(Nintendo/Retro Studios, November 19, 2004)

Metroid Prime 2 marks the return of one of the best video games released in 2002 (Metroid Prime of course) and Nintendo is adding a bunch of new features to entice gamers to get all excited about this franchise yet again. Are the new improvements good enough to justify spending more money for another Metroid title or are you better off moving on with another game instead?

Like the first Metroid Prime this title is an amazing looking First Person Shooting where you are the super heroin Bounty Hunter Samus Aran. You have to shoot and scan your way through a new dangerous planet after you receive distress call. The big difference now is the planet you are investigating literally has a strange light and dark side to it. Much like in the other GameCube game Ikaruga certain weapons are better then others in some areas and it's up to you to use the right strategy at the right time but basically
you are on yet another mission to destroy a few aliens and find power ups.

Samus starts off the game with many of the power ups from the past games like the Morphing ball, the grappling gun, varia suit, and more but don't too attached to them because like a lot of other Metroid games of the past she is going to lose it all after some trouble near the beginning........ again. Yes, that's the exact same thing that happened in the last game by the way! "Thanks for the cookie cutter story line Nintendo!" The fun thing about a good Metroid game is to find a new item or ability that helps unlock new areas and Metroid Prime 2 has that here too I guess.

If you are new to this series the First Person view sure takes some getting use to, thankfully these controls are fairly simple to learn. The basics to the controls is the Aiming (R button) of Samus's hand canon and the Lock on (L button) feature to focus on a object or enemy, once you learn those two buttons you'll be ready for action. Unfortunately Nintendo still won't let me edit my controls (upset the rather boring option to choose between inverted or normal controls) so you're stuck with them again.

Like before Samus still needs to open some areas with her scanner to activate key devices. The scanner was a great idea in the original game since it was a cool way to find secrets or important info but now it just feels way too time consuming since you are forced to stop what ever else you're doing just to open the scanner window. Maybe I wouldn't be so hard on the whole scanning thing if you could shoot as well but like Doom 3's stupid flashlight you'll be force to just one task at a time only. I wanna KILL STUFF in a shooter, I don't want to surf through my annoying inventory system so I can just look at crap!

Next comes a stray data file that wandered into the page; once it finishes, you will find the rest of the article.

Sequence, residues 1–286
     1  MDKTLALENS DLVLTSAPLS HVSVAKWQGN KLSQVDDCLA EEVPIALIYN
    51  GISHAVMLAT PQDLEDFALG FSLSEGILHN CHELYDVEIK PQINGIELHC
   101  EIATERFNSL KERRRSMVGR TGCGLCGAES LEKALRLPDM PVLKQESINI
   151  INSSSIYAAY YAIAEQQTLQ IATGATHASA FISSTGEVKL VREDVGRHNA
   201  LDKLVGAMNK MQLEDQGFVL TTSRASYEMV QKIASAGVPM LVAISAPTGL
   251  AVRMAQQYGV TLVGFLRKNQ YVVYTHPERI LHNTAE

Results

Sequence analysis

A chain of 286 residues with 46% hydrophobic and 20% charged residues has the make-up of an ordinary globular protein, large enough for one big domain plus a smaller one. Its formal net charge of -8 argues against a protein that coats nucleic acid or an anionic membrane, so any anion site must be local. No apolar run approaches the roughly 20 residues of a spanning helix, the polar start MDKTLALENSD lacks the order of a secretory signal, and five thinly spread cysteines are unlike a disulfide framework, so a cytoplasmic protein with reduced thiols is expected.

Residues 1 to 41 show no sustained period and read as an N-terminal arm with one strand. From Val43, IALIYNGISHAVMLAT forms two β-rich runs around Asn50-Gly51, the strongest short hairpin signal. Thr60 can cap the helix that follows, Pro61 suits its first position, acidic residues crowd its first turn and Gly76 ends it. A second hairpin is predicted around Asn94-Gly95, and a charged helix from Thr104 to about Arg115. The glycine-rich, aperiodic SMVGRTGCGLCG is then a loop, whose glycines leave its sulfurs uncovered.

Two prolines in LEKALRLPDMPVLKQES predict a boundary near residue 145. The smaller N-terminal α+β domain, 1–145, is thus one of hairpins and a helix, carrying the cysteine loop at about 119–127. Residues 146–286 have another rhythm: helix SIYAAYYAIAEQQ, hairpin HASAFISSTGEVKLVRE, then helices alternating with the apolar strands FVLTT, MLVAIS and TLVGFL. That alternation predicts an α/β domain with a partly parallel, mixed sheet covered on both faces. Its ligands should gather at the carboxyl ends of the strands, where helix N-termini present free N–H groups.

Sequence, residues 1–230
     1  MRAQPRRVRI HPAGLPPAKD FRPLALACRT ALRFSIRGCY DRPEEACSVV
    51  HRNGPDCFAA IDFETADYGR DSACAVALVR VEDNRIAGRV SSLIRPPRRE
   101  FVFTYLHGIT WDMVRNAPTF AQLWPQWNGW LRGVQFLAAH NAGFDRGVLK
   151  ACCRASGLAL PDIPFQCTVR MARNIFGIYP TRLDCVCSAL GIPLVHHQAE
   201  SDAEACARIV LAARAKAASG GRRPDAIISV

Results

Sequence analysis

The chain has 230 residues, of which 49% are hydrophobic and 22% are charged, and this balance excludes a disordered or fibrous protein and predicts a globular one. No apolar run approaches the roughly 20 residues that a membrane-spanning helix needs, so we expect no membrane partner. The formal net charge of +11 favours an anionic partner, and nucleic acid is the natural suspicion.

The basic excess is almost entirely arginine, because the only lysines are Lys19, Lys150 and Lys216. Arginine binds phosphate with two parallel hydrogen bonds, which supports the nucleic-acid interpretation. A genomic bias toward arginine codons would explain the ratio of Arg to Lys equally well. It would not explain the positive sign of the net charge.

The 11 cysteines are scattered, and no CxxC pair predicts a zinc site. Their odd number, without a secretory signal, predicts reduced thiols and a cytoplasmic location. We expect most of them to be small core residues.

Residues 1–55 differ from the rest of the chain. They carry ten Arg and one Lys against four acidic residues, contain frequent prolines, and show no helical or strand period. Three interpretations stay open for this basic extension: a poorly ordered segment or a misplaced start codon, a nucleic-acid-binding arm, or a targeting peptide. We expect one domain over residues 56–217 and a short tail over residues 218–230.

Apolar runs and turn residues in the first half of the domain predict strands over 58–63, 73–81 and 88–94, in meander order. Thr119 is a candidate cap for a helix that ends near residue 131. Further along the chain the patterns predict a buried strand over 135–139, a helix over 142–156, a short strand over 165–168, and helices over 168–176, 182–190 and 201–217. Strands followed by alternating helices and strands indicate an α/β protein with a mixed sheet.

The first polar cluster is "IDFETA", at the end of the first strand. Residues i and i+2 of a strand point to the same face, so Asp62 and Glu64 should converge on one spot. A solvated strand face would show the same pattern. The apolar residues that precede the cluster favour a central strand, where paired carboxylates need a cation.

This game also seems more geared towards the Metroid pro because this game is definitely on the hard side. When the action heats up it doesn't take long for Samus to get swarmed by several aliens at once and unless you mastered the original MP you're going to die a lot here. Although the difficulty can be a problem sometimes, what really bugged me all the constant backtracking and scanning objects which takes away some of the action. I know this is a Metroid trademark but it can get annoying. Also there were also times I wanted to save my game but I was trapped and had to continue playing even though I didn't want to.

Yes, unlike the original MP, this game now comes with a multi-player game like most FPS games out there but before you get too excited these new modes still have the limited controls of the single player. The kind of cheap 'Lock on' feature makes the hunting experience feel hollow and too easy especially compared to other popular First Person Shooting games like Half Life 2. Although the multi-player can still be fun, sadly most of us already know Nintendo doesn't even support any of the Online features of the Cube so you can forget any about that. The multi-player battle doesn't even support Locate Area Network play so you are all forced to play on just one screen. "I'm sorry, is this still 1997 here?!"

Moving on to a more positive note the graphics are still incredible as ever. The action is not only fast and intense (when you're not scanning though) but all the environments and characters are all very detailed with great use of light and shadow. Metroid Prime 2 is easily one of the best looking titles on the Cube. The background music won't be winning any awards but they fit the game here well and the lifelike sound effects are impressive as ever.

If you loved the first MP you'll also like this new one a lot too. It is still a long and compelling adventure/action title with excellent graphics, creepy sounds, and more brain teasing puzzles that will challenge any player but for all of the game's good point's, there are still a few nagging problems that just hold it back from being complete a five star game. Metroid Prime 2 may be a FPS but why aren't the analog controls similar to other popular games of this type like Goldeneye or Quake?
The Cube controller has two analog sticks too you know, Nintendo. Don't get me wrong, the game is still very rewarding like the first MP was but it isn't a huge leap in design from the last one and even the new multi-player isn't too good. Add a generic story line to the mix and you have one halfassed sequel here that could have been a lot better.



overall rating 84/100
Find this game on eBay here!

For 1 to 4 players
Rated (T) for Teen
graphics: 9/10
sound: 8/10
gameplay: 9/10
replay: 8/10

(Ryan Genno) 2007